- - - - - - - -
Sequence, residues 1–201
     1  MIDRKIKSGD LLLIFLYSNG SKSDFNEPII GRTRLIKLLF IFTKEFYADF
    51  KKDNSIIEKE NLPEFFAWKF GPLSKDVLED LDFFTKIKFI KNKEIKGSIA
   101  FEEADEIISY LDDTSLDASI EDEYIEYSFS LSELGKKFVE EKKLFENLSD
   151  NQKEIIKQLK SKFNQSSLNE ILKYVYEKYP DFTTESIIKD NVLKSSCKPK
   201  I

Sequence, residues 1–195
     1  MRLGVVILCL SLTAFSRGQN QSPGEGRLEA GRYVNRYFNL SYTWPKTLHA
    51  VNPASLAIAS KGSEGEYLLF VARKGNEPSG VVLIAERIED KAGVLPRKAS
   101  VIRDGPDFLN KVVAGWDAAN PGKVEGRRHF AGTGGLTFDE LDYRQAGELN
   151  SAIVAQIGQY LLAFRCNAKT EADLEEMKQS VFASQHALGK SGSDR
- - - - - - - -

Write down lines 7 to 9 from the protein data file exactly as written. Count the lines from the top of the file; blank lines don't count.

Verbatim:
Sequence, residues 1–195
     1  MRLGVVILCL SLTAFSRGQN QSPGEGRLEA GRYVNRYFNL SYTWPKTLHA
    51  VNPASLAIAS KGSEGEYLLF VARKGNEPSG VVLIAERIED KAGVLPRKAS